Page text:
Just when you thought all opera was epic and over-the-top, there's Wagner: epically epic and over the top of the top. He's like the Kanye West of opera. While Puccini chose contemporary subjects, elevating the mundane to legend, Wanger goes right for the jugular, choosing subjects that are so ancient that they almost seem to be at the cornerstone of civilization. [Or is that just what RW wants you to believe?] In Lohengrin, one of his earlier operas, it's not quite as epic as the rise and fall of Norse gods--the 4 opera, 15-hour Ring Cycle--but it's close: 4.5 hours of spectacle based on a 13th-century tale about the rise and fall of the perfect love between the purest of individuals amidst sorcery, Machiavellian power struggles, and many silly Kniggits.
When I went to Lyric on Wednesday, I was prepared, having listened to the preludes to the various acts, reading up on the history, and, almost most importantly, learning the symbolism. As I found seeing Parsifal almost 10 years ago, knowing what the music is trying to express almost makes you feel like the music is expressing it. The Prelude, for instance, represents the holiness of the Grail as it descends to Earth, and, thanks to Sir Andrew Davis and the exquisite Lyric Orchestra, I could actually feel it. [See: power of suggestion. See also: "music is powerless".]
After the exalted prelude, there's a lot more music. And it unfolds rather slowly, so be patient. The first act contains a lot of conversation--recitative on the verge of being lyrical--before gently building to a rousing climax of bombastic choruses. I found that listening to it exercises some of the same muscles as listening to minimalism. Or, rather, it requires the same relaxation of mental muscles; it's almost akin to meditation (as I'm sure Wagner would be tickled to hear). The orchestration is lush and expressive but not as smooth as his later works would become; the momentum falters slightly in the recitatives, but there are still many great musical moments. It's as if your distended attention, once slowed down, is brought to an even higher, mind-blowing climax.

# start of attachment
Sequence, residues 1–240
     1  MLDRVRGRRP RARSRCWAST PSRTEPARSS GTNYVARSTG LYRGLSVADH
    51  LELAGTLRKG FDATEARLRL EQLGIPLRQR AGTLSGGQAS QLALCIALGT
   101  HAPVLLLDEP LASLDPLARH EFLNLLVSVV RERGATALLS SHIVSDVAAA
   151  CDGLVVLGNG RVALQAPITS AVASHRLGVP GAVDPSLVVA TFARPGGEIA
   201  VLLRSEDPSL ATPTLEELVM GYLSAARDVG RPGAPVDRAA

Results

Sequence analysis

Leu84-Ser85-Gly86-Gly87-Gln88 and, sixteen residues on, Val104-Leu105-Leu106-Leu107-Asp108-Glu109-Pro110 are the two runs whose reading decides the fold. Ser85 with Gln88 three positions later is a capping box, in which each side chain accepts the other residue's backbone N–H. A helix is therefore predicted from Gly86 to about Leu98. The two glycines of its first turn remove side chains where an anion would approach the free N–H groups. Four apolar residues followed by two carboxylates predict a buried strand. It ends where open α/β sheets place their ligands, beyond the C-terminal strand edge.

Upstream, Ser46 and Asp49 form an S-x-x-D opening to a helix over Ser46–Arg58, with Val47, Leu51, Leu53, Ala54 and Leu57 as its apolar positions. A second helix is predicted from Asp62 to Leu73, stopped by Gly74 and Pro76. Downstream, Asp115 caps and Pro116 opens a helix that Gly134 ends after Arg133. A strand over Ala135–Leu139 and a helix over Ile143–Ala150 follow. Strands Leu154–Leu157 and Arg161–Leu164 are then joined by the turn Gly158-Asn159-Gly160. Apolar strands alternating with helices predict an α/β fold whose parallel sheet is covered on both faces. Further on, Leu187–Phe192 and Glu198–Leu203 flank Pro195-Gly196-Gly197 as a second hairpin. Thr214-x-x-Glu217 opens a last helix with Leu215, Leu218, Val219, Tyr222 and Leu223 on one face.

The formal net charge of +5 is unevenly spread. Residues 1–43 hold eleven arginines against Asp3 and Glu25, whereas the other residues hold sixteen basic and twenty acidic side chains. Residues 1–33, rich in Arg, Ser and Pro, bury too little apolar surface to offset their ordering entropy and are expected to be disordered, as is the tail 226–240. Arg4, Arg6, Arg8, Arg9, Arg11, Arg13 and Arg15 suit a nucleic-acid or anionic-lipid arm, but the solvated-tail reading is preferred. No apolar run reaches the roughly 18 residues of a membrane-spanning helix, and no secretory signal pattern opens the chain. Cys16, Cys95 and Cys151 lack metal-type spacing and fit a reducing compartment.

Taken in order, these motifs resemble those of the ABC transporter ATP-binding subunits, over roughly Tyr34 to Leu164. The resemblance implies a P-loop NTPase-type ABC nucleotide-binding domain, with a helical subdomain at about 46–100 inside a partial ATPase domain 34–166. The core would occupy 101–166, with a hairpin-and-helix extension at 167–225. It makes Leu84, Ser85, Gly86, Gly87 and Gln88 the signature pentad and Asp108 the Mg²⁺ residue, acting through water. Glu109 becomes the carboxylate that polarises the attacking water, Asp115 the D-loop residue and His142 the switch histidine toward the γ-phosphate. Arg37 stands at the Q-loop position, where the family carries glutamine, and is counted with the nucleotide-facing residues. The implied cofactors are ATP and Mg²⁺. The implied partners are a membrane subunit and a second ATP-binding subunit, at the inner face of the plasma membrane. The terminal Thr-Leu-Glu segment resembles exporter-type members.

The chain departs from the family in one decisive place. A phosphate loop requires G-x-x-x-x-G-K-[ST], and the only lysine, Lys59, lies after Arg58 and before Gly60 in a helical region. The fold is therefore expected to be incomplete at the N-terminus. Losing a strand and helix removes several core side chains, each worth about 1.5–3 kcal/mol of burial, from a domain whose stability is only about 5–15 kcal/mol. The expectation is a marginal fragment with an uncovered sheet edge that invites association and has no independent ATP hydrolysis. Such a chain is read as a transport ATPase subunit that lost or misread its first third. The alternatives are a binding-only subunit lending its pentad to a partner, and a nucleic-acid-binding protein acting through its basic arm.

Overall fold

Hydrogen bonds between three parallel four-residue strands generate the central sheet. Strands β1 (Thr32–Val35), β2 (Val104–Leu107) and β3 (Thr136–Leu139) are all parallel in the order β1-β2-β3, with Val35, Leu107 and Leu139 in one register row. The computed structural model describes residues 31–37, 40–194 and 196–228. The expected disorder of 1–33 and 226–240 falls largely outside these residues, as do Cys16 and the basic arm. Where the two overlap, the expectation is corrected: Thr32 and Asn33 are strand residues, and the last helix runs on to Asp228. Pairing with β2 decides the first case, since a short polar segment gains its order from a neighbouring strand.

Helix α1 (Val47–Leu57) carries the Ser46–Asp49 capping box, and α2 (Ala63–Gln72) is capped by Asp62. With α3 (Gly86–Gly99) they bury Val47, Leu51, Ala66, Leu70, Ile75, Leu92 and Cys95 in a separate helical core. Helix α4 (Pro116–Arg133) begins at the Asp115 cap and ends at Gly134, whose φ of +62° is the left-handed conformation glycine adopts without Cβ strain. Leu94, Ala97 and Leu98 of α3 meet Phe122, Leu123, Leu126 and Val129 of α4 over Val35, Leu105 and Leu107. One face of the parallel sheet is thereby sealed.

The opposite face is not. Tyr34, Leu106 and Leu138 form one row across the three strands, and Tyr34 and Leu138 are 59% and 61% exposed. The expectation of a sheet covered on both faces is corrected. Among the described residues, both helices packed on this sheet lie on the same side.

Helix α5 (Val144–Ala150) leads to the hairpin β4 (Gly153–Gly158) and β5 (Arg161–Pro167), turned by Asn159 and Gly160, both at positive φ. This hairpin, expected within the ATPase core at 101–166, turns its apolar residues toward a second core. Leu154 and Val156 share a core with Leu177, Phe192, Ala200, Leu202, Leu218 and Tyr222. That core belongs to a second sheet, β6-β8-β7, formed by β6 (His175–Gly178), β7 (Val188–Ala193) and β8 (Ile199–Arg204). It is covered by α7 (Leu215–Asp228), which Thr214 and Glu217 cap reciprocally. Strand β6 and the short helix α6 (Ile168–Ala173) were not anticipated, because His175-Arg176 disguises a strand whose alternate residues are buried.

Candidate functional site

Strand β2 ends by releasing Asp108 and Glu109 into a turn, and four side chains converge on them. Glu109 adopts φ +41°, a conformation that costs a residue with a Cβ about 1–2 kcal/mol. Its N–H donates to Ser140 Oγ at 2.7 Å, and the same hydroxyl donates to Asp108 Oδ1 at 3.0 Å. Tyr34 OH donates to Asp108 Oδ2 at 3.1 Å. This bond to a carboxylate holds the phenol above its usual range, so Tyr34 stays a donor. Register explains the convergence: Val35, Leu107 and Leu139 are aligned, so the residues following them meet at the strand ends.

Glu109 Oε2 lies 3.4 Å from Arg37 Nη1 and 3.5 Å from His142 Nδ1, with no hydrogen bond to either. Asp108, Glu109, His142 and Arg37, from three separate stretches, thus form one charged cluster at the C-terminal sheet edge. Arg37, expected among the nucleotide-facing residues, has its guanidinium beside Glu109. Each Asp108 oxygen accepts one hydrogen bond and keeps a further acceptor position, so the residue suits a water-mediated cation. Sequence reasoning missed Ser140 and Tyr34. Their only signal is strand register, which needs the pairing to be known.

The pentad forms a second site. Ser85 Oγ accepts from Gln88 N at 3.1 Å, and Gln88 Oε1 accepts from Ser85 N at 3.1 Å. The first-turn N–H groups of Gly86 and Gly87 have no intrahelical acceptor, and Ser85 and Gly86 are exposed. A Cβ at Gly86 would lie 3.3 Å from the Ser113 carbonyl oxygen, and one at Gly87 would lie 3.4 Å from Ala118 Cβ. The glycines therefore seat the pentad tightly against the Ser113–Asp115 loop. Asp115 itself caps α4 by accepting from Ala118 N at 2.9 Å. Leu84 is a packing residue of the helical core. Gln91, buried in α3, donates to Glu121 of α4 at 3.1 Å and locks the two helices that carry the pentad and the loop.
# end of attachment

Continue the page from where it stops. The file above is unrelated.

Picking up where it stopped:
All this, and I haven't even talked about the singers.
The singers at the Lyric are often some of the best in the world; these are some of the best of the best. Few can even attempt the title role. Johan Botha sang it out of the park--not with a sledgehammer but a cricket bat. His voice was plenty powerful but not in a hit-you-in-the-gut way; instead, it was a great match for the purity and single-mindedness of his role: an otherworldly knight bringing light into dark, a lightness to the heavy medieval world. His nemesis, the discredited Count of Telramund, finds a dark and soulful tone in Greer Grimsley, giving depth and dimension to the complex character.
Their female counterparts, the pure Elsa and the conspiring Ortrud, were their equals in vocal power and richness. Emily Magee, playing Elsa on March 5 and 8, had a pure, sweet voice for a Wagnerian, filling out the role. She was easily audible throughout and could maybe even give more attention to dynamics and shaping. Finally, in Act 2, her evil counterpart gets to sing. Michaela Schuster played the pagan sorceress Ortrud with zeal and cunning, making the diabolical character into someone almost likable--certainly more believably human than the pure fools. She made herself heard even when singing pianissimo high notes and infused every note with dramatic intensity: very expressive. [It's a big orchestra, but Wagner still leaves lots of room for expression.] By the end, I wasn't sure which side to root for: the naïve simpletons or the mischievous plotters
As always with Wagner, you have to be aware of what he is trying to say (lest he say something offensive). Once aware, you can judge the message accordingly. Is this opera about the title character? Should we aspire to be so noble? Or is it about love and the human psyche? The temptation of forbidden knowledge? Pagan gods versus Christianity? [Ortrud mentions Wotan et al. in her soliloquy.] Is it about Elsa and how doubt ruins love? How love is trust?
It seems like it should be about the title character. It's funny that, in the opera, "our hero" doesn't reveal his name until the final act, whereas Wagner gives to us from the beginning. It's like giving away the punchline.